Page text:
We do this automatically when we speak to each other. Imagine being interviewed by the police about a break in at your next door neighbor's house.
The cop leaned in. "Your fingerprints are on the frame of the window the burglar entered through. Why were you in the house?"
If you'd been there earlier in the week for a game night, you wouldn't say: "Yeah. I went over there." You'd clarify: "Yeah, I'd gone over to play cards on Tuesday."

With your desire not to be considered a suspect in the break in, you'd make darn sure the officer knew that your visit to the house had happened before the burglary.

So, why are so many writers not using past perfect tense if it's so important for clarification? I've heard this can be explained because so many unedited books are being self-published. That might be some of it, but I've recently read some traditionally published books that were almost devoid of the past perfect tense. And whenever the story jumped to a past past event, it was confusing. And distracting.

So. Word of advice. Understand the past perfect tense. There's lots online to help you. Like here.

Use the past perfect tense. It can be your friend.

Thursday, September 29, 2016

Retreat!


How to sign up for this retreat: 

FYI: All meals are included AND there will be mini-workshops/classes. 
Retreat Dates are: March 23-26th in Heber, Utah

See pics of the awesome accommodations for the retreat here. Sign ups open on Saturday, October 8th at 8am MDT- No Earlier

1. Pick which bed type/price you would like (see below)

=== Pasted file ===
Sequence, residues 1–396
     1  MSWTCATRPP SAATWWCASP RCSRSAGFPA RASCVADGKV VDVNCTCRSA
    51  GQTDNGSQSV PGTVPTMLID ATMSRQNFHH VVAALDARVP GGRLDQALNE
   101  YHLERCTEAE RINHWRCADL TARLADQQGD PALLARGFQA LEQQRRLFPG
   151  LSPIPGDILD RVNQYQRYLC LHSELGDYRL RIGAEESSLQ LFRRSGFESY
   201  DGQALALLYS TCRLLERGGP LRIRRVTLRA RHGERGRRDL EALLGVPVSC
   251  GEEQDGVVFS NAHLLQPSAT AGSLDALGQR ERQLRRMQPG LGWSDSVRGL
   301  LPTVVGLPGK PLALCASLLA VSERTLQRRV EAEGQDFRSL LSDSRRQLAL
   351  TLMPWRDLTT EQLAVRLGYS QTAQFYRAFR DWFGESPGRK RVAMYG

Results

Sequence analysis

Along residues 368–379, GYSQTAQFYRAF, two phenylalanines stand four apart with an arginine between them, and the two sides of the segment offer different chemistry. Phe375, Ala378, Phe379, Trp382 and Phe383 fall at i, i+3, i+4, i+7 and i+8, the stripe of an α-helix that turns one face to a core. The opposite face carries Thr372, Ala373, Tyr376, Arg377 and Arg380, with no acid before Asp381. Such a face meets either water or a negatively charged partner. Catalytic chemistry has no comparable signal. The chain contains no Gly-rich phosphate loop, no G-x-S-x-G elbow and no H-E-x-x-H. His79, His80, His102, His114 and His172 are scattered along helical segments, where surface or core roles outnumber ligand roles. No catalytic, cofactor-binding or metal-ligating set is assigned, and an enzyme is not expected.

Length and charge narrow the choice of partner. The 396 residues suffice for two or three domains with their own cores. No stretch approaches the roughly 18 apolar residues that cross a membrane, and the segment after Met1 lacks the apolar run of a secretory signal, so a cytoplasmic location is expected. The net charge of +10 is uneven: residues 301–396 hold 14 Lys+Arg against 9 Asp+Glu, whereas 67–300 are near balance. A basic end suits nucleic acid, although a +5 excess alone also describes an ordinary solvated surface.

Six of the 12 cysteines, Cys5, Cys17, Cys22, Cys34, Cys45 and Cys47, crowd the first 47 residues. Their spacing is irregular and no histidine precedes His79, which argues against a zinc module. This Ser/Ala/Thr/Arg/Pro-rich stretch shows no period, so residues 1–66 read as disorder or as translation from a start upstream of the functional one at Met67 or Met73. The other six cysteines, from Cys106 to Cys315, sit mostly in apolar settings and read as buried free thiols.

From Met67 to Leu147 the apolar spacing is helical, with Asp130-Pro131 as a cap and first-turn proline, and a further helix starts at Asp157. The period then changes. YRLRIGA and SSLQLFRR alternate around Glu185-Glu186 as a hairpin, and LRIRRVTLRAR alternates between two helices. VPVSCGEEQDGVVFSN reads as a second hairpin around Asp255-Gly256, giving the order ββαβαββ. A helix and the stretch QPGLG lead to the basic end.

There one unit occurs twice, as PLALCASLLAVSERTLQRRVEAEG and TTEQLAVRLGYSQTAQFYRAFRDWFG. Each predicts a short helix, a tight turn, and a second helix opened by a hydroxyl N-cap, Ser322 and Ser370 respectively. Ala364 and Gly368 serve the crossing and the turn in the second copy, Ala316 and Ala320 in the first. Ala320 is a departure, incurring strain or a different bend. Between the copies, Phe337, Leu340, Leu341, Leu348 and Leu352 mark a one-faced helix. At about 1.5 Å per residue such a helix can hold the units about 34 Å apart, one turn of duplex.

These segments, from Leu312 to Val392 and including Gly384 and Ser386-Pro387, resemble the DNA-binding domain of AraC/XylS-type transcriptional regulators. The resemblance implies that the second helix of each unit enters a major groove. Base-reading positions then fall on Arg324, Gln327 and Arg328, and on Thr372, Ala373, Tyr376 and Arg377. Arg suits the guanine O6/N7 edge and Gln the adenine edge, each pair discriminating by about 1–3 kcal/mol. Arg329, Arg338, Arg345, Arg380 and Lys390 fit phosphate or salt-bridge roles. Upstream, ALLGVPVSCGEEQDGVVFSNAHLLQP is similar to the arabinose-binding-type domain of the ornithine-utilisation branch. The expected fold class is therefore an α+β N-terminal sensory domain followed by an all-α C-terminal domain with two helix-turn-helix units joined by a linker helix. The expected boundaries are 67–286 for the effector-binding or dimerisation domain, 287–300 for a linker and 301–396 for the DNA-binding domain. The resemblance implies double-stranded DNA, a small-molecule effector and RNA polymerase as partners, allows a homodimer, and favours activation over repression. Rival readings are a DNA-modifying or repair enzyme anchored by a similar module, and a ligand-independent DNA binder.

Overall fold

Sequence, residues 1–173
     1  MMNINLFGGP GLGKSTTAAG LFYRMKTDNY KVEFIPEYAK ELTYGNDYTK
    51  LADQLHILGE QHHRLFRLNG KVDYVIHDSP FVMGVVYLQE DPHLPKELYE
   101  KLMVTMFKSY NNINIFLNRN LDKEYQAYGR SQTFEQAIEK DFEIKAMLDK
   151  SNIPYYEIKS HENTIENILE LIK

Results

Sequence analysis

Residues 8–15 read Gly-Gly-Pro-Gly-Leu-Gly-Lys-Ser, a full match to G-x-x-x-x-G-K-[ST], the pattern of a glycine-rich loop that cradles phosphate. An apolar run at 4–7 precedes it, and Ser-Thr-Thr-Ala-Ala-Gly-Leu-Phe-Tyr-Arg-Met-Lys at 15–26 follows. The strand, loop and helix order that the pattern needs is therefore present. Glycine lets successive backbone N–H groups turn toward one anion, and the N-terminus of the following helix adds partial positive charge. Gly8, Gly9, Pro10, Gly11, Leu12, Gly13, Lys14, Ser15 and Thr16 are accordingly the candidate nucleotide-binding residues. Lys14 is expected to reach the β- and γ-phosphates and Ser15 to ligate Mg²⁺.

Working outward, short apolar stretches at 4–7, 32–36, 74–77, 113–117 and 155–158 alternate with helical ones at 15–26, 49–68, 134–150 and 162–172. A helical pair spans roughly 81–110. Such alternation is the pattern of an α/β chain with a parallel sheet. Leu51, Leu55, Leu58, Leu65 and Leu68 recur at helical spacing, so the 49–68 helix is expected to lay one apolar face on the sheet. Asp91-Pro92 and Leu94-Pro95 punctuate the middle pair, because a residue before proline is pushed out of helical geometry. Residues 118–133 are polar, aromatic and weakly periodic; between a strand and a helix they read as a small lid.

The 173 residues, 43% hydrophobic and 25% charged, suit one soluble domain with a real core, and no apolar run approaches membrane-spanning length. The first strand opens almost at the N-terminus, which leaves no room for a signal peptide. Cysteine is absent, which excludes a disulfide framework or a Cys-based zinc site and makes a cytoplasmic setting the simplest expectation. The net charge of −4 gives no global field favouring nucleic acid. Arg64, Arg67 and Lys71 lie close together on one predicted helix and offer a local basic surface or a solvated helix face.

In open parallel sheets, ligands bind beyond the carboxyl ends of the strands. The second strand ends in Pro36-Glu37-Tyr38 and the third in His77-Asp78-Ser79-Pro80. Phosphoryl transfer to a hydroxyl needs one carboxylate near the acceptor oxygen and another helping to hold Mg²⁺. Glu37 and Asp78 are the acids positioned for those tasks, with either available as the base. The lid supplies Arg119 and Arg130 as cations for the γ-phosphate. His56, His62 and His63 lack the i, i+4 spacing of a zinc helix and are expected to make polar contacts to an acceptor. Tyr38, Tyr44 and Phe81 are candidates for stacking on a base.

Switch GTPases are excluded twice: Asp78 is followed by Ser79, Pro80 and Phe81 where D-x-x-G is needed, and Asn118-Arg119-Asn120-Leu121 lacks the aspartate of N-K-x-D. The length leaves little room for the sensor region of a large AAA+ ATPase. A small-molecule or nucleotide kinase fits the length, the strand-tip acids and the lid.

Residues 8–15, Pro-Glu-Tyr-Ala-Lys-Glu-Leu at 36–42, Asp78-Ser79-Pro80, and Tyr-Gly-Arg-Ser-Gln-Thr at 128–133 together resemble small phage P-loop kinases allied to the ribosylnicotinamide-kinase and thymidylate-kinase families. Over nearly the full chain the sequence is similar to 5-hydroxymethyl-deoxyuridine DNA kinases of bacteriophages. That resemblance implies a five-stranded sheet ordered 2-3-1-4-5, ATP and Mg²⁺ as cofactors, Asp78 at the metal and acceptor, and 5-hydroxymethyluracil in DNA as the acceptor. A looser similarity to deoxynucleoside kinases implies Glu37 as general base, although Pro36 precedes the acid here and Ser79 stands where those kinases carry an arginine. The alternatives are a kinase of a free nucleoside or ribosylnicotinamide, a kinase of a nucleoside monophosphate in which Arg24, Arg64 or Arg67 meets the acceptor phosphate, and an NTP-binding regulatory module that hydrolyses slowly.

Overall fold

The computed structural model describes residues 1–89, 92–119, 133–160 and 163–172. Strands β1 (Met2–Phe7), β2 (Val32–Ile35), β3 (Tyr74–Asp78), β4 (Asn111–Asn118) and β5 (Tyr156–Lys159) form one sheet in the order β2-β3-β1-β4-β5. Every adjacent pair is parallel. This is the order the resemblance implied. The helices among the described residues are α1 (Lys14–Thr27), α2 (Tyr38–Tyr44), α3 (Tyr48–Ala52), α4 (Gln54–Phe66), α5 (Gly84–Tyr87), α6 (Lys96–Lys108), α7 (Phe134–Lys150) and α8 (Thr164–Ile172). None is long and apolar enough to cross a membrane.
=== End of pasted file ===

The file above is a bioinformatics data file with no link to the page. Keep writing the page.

2. Send an email to iWriteNetwork@gmail.com with:
    a) your first and second choices for bed preferences
    b) the email address of the PayPal account you would like to have billed
    c) the name your PayPal account is under, and your author name if different 
    d) if you would like to make 1 full payment or split the cost into 3 payments.
    e) add a roommate name if you have made plans to share a queen bed with someone, OR a name if you would like to be in the same room with someone. We will try to honor as many of these requests as possible.
    f) if you are reserving two spots in one queen bed, tell us

3. We will send you a confirmation email and a link to pay through Paypal- (You may choose to split your payment into three and send one-third immediately, the second third on November 15th and the last third on January 15th. You must pay in full by January 15th.) We must have your initial payment within one hour of when you receive an invoice from PayPal from us requesting payment or your spot will be given to the next person in line.

NO REFUNDS-thank you. (You can, however transfer your bed reservation to someone else if you discover you are unable to attend.)

The bed options:  If you are planning to choose a queen bed, you might want to find someone to be your roomie (if you care who is in the bed with you.) Otherwise choose one of the single bed options.

*There are only beds. There are no air mattresses in this cabin
**Anything not highlighted is available and are listed as prices for each occupant
***Anything highlighted in red is reserved/paid for
****Queens are $175 each if you share with someone else, or $300 if you don’t want to share.    

CHOOSE THE TYPE OF BED YOU’D LIKE:
SHARED-KING 2 SPOTS; $250 EACH
1    2

SHARED-QUEEN 16 SPOTS; $175 EACH
*IF YOU WOULD LIKE TO HAVE A QUEEN TO YOURSELF THE PRICE IS $300
1    2    3    4    5
   7    8    9    10
11   12   13   14   15   16

UPPER BUNK 4 SPOTS; $150
1    2    3    4    


LOWER BUNK 9 SPOTS; $200
   2    3    4    5   
6    7    8    9  
                                                                  
WE ARE SO EXCITED TO HAVE YOU JOIN US!!!

Have questions or want to register? 

Email us-

*group size is limited to 20